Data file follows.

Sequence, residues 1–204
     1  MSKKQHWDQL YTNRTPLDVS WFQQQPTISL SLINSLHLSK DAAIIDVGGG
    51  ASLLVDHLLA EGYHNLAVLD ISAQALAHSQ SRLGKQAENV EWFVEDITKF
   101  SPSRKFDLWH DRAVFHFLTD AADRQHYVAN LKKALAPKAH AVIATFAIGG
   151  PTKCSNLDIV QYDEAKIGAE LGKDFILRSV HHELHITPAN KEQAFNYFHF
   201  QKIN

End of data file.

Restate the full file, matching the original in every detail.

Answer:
Sequence, residues 1–204
     1  MSKKQHWDQL YTNRTPLDVS WFQQQPTISL SLINSLHLSK DAAIIDVGGG
    51  ASLLVDHLLA EGYHNLAVLD ISAQALAHSQ SRLGKQAENV EWFVEDITKF
   101  SPSRKFDLWH DRAVFHFLTD AADRQHYVAN LKKALAPKAH AVIATFAIGG
   151  PTKCSNLDIV QYDEAKIGAE LGKDFILRSV HHELHITPAN KEQAFNYFHF
   201  QKIN